Studies have shown that gestures of compassion, moral and economic support offered by donor agencies mostly in war-torn and hunger-stricken African countries, are meant to spearhead sinister western interests, not to improve the welfare of the people suffering in those countries.
Furthermore, it can be argued that the intervention by NGOs who are just opportunists craving for western glory and ideologies in time of “crisis” is not to alleviate the challenges, but to exploit economic opportunities that arise as a consequence of the difficulties in the afflicted countries.
They do this by establishing an economic control mechanism that requires the presence of the UN, which they control. There are no prizes for guessing that USAID will fund any organisation willing to advocate for a regime change in any country that might endanger America’s economic, political and military supremacy.
Think of the Zimbabwe Democracy and Economic Recovery Act (2001) signed by the then US President George Bush which set aside $6 million for agencies willing to work towards President Mugabe’s political collapse.
Foreign aid does not help development in Africa. In fact, it hinders it. This is so because these handouts encourage dependency and corruption. Foreign aid can be a curse when it makes beneficiaries not only dependent, but also lazy and hopeless.
If properly extracted and managed by indigenous people, the natural resources that Africa has can completely eradicate poverty and propel more durable economic growth and development. Foreign aid cannot do that.
For example, Zimbabwe is endowed with a wide range of minerals of which 10 out of 50, are being fully exploited, among them gold, platinum, nickel, diamond, chrome and coal. If these are extracted in a systematic manner and value added to them through processing, Zimbabwe would earn more from its resources and get on a stronger economic and social footing.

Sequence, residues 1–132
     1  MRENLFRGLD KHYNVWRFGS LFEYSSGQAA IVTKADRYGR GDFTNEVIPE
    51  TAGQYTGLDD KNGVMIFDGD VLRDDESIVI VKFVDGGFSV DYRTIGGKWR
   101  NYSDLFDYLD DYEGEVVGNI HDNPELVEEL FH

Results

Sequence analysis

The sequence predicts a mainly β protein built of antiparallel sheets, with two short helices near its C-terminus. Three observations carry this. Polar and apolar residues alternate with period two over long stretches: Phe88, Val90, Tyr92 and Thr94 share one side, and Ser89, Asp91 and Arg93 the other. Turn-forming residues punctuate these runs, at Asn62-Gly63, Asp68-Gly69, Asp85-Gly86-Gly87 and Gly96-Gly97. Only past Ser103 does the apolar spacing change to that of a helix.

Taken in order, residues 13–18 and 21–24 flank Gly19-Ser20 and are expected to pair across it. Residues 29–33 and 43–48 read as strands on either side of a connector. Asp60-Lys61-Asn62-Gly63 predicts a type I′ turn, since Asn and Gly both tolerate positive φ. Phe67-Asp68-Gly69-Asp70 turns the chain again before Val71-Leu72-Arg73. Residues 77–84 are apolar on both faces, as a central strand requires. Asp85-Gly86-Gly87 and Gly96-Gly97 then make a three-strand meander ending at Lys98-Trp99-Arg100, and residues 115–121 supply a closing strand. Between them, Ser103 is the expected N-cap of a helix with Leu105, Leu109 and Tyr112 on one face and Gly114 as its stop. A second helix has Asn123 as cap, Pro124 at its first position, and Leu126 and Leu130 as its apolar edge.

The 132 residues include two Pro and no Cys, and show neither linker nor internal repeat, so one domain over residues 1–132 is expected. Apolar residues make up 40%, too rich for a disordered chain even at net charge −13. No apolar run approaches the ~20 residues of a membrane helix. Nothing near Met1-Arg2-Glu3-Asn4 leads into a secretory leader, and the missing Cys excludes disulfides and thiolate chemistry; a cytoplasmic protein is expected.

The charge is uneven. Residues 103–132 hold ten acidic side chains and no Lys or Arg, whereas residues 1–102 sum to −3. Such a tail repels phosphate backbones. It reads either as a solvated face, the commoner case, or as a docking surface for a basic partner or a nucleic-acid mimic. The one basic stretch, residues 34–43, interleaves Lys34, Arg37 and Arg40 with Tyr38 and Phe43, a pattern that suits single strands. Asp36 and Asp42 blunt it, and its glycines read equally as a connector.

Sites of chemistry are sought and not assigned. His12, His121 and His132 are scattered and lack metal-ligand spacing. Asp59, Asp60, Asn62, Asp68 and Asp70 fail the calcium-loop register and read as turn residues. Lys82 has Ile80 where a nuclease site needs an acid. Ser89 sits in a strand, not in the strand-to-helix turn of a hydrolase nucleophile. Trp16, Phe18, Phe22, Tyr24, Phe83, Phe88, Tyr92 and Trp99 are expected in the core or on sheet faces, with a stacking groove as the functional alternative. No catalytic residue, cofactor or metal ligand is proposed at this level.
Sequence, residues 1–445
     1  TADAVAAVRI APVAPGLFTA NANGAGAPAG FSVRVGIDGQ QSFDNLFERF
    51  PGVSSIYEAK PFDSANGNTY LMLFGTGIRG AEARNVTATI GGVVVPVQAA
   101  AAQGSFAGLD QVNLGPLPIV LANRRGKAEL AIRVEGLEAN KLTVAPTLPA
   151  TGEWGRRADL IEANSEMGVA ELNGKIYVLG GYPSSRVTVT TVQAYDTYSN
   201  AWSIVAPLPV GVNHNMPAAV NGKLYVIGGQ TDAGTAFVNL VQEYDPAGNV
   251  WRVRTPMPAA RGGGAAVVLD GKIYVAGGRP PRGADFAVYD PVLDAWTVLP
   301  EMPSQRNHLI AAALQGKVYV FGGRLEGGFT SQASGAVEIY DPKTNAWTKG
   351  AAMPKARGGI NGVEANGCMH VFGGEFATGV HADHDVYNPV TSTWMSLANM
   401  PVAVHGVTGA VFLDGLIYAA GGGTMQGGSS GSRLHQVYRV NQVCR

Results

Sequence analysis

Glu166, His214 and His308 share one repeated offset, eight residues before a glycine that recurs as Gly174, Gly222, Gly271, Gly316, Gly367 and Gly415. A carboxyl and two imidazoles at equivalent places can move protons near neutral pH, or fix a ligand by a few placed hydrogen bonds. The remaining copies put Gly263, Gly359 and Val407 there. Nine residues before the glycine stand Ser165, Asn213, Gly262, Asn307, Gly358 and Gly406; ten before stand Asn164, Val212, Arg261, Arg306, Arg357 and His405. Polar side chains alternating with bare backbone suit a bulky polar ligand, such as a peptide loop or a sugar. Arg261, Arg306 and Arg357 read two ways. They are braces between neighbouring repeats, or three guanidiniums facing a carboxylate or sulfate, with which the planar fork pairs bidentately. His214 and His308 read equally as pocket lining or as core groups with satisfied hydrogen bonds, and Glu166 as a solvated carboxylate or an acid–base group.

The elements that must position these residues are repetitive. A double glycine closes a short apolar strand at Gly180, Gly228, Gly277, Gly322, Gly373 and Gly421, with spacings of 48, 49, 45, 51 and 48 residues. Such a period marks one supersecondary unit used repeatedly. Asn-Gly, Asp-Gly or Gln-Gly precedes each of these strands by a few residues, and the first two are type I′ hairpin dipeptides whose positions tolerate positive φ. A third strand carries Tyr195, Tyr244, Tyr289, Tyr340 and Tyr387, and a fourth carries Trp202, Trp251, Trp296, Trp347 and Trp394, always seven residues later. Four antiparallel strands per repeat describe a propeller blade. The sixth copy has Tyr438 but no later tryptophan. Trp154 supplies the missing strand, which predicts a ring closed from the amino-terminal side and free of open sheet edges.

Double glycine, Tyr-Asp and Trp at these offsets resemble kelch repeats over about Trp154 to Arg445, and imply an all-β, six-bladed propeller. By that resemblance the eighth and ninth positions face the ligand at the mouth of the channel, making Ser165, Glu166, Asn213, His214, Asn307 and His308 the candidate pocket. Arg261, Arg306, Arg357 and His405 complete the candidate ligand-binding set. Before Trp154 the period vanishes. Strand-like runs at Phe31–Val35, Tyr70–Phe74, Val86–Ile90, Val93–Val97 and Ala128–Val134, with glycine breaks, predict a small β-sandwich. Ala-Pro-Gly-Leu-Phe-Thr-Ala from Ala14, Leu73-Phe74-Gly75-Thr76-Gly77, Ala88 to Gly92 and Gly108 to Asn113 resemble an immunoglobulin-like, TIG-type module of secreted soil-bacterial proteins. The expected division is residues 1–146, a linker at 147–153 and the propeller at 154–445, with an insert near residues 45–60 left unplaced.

From this observation it is clear that if the Government designs an economic plan and law that correct existing economic injustices in the mining sector that seem to favour foreign investors, who are siphoning huge profits out of the country, there will be no need for foreign aid to address economic challenges bedevilling the country.
It is encouraging that the new Zanu-PF Government is geared towards this home-grown development thrust. According to a paper which was recently published by the European Centre for Development Policy Management, Africa is still failing to use its natural resources to fuel development and long term growth.
It says although the continent has 30 percent of the world’s extractive resources, and processes more than 60 types of metals, ores and minerals, even countries with relatively strong governance records, are failing to distribute this wealth, or invest it adequately in development, adding that an over-reliance on the extractive industries, rent-seeking behaviour (that is obtaining special favours) and corruption among politicians, and a lack of transparency sustained the “resource curse”.
Unfortunately, many countries have already signed bad contracts that give a disproportionate share of their resources to private foreign companies. There is a simple answer to this; renegotiate; if that is impossible, impose a windfall-profit tax.
Foreign aid has to a larger extent retarded development in Africa as it had destroyed Africans’ creativity. There is no doubt that the aid provided by the western countries is premised on how to break Africa and not to build Africa and the only solution is for African countries to get help from its own, from African countries.
This is so because many foreign companies who claim to be investors only exploit the African human and natural resources, doing nothing to contribute to the growth of Africa but rather developing their own economies in the West.
Foreign aid does not help Africa because most of the countries providing the aid always want something in return or have their interests in the receiving country and therefore it is not really aid. Where it is genuinely offered, it becomes concentrated in the hands of a few and does not get to the intended sector or beneficiaries.